That is a big map.

The Stars, Like Dust

Submitted by Kevin Jardine on 14 October, 2016 - 13:15

The stars, like dust, encircle me
In living mists of light;
And all of space I seem to see
In one vast burst of sight.

Isaac Asimov

September 14, 2016 was the day when everything changed in astronomy with the release of parallax estimates for more than 2 million stars. My last few blog posts have covered the momentous release of the Tycho-Gaia Astrometric Solution (TGAS) as part of Gaia DR1.

Today I have put up the Tycho Explorer, a zoomable, pannable, clickable interface to the Tycho-2 catalog, both as it appears in the sky (Tycho Sky) and as it appears as a face-on map of the galactic plane (Tycho Galaxy).

Tycho Sky includes 2.5 million stars from the Tycho-2 catalog with provided B and V magnitudes (which is almost all of them), and Tycho Galaxy includes more than a million of these stars with reasonably low parallax errors (measured error/parallax ratio < 0.2) stretching out to a distance of about 700 parsecs (2300 light years). At the highest zoom level you can click on each star to get more information and use links to see the star in Tycho Sky and Tycho Galaxy. Search boxes enable you to zoom into a star in the maps by entering an identifier.

Much more information about both the sky and face-on Tycho viewers can be found by clicking the Help links at the upper right of the viewers. The Tycho Explorer is still very much in beta. The infrared background to Tycho Sky has a number of artifacts and limitations, and not all the functions work yet on mobile devices. TGAS itself does not include any naked eye stars or many stars close to the Sun. I'll mention the limitations in more detail in my next blog post.

The Tycho Explorer will continue to improve and the next Gaia data release at the end of 2017 will have more and more accurate data.

Despite the limitations, the results are already amazing. We are on the verge of the greatest mapping project in human history - one that dwarfs that of the New World. The Milky Way is appearing in all its glory before our eyes.

You can download a 4K wallpaper image of some of Tycho Galaxy here (warning, 10 Mb file).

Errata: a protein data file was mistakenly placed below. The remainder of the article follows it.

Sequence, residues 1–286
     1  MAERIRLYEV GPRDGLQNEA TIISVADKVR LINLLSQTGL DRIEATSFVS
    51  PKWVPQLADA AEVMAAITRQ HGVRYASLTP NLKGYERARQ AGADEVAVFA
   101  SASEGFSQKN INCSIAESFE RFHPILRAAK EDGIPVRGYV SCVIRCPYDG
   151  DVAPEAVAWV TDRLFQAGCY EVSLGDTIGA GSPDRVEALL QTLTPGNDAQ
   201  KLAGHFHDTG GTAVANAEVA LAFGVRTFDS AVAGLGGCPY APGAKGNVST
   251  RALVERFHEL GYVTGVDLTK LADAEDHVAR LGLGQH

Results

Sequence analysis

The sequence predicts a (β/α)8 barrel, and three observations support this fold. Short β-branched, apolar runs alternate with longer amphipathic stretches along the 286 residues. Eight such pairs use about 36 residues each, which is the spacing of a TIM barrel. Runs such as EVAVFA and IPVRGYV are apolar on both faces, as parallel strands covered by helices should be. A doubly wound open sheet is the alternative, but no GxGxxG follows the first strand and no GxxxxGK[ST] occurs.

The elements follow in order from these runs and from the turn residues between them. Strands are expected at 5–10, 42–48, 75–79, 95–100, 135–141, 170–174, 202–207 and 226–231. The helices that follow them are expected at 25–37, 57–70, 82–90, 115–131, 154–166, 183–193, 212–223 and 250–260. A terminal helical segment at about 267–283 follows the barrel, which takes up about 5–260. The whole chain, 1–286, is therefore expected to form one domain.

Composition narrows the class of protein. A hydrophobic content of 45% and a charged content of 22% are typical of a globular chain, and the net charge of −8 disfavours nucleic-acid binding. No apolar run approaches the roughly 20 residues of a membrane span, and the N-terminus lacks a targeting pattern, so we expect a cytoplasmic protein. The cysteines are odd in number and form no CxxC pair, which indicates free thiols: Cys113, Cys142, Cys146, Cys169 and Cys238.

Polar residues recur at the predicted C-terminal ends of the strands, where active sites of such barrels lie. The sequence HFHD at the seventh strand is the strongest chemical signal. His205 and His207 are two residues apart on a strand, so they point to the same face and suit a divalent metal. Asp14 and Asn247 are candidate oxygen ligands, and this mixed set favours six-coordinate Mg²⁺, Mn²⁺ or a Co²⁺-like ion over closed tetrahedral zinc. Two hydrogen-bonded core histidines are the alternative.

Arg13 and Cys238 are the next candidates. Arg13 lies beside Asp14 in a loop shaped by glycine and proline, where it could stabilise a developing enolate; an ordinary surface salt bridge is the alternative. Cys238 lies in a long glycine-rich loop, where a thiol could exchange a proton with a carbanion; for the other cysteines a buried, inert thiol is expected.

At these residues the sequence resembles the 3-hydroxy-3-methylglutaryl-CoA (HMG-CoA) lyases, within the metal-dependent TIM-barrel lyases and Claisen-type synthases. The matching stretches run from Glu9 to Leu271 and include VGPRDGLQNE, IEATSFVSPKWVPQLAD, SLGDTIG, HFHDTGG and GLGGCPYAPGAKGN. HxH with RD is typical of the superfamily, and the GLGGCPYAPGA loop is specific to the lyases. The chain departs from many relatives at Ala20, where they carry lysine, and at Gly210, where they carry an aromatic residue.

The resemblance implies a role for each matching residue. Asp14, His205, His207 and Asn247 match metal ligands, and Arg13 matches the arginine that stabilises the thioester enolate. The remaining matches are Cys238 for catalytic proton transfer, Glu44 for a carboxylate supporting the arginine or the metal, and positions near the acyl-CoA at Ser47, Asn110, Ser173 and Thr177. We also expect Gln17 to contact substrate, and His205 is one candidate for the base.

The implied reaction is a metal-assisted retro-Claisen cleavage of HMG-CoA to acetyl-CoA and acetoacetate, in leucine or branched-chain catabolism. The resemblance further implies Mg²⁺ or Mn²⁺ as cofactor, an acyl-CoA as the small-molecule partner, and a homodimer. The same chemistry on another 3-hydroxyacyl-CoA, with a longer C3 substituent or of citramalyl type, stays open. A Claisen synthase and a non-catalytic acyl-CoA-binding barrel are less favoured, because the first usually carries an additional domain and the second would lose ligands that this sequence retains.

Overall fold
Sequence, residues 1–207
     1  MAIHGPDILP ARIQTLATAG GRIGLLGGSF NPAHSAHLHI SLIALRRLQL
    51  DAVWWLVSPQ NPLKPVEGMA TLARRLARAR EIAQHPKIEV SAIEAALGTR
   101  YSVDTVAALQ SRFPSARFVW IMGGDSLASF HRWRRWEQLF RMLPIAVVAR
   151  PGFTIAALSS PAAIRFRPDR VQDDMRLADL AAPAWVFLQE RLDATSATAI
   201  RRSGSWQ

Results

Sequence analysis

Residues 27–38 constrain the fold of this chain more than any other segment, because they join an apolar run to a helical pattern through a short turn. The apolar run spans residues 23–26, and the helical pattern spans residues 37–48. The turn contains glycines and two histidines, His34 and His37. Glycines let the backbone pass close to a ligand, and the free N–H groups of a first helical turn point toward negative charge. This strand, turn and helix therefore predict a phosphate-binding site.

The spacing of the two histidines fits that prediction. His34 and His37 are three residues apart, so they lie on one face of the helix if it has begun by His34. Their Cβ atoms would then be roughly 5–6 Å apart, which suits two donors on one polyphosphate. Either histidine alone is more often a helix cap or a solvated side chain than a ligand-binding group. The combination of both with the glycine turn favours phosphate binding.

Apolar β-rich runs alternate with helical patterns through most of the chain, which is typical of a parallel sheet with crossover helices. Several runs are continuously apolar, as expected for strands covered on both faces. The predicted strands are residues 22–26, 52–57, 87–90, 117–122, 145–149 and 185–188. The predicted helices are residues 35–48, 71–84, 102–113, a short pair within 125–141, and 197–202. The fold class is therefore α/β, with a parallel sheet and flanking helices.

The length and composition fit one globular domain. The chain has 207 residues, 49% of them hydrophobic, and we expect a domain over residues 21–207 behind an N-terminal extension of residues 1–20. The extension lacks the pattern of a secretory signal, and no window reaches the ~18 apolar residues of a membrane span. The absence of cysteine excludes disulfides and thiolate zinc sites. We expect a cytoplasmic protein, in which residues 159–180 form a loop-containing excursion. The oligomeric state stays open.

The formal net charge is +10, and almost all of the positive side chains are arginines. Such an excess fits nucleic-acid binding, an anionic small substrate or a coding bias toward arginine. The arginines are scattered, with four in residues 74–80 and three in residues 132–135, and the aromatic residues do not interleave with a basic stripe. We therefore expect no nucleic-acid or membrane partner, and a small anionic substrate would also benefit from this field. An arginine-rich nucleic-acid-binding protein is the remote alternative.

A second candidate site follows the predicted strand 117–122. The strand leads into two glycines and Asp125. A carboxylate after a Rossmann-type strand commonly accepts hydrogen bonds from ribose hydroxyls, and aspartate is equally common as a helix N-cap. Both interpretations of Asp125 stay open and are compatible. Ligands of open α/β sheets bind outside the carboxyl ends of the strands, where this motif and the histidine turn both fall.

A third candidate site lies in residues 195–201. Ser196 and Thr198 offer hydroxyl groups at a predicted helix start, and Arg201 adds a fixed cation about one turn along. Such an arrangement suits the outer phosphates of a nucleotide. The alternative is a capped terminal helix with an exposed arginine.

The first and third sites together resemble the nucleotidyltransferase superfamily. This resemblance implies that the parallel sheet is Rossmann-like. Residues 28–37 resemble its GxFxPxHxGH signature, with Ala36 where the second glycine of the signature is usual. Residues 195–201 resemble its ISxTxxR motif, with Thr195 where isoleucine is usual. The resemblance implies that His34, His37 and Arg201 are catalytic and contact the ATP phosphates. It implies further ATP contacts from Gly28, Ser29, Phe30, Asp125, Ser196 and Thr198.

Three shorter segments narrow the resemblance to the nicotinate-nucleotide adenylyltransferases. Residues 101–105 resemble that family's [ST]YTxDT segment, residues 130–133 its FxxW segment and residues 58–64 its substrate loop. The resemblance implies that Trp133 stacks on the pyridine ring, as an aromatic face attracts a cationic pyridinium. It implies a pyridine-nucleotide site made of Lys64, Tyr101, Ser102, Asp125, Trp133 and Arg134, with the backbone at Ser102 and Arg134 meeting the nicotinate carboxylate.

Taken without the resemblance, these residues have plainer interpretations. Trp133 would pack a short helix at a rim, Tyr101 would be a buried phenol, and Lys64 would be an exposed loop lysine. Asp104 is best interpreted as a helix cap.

Update: I think I have fixed the issues for mobile and the Tycho Explorer should now work for Android and iOS devices. The interface is not very convenient for small screens (I recommend a large monitor - it looks spectacular on my 4K Philips monitor). If there is demand I might work on a tailored interface for phones.

The code is now in GitHub: https://github.com/kevinjardine/galaxymap. Contributions are welcome.

TGAS high temperature / luminosity map

Submitted by Kevin Jardine on 16 September, 2016 - 17:07

I've now created the first real face-on map/poster from the Tycho Gaia Astrometric Solution (TGAS) data set that was part of Gaia DR1. The download links for the full resolution version are at the end of this blog post.

TGAS contains parallax data for about 2 million stars, which is most of the Tycho-2 catalog.

Of this data, about half has an error/parallax ratio < 0.2, which is very good. (Keep in mind that this is the precision of the specific measurements. The Gaia DR1 documents warn that in addition the data has a systematic error which is unknown but could be as high as 0.3 milliarcseconds. If the systematic error is really 0.3 milliarcseconds, this would throw off much of the map, especially the regions beyond 300 parsecs. I'm ignoring that for now. In any case, I'll redo all my Gaia maps after DR2 comes out towards the end of 2017. For now, TGAS is the best we have.)

The data with error/parallax ratio < 0.2 goes out to about 700 parsecs or so. The map has a radius of 800 parsecs, which includes pretty well all of the Gould Belt. So this map really shows pretty well all of what most astronomers would consider the solar neighbourhood.

This first map shows only a tiny fraction of the data set: stars with a colour index < 0.1 (meaning that they are very high temperature) or an absolute magnitude < -2 (meaning that they are very luminous). These are the spectacular galactic beacons that might be used as way points in some distant future. There are 50269 of these stars in TGAS with an error/parallax ratio < 0.2.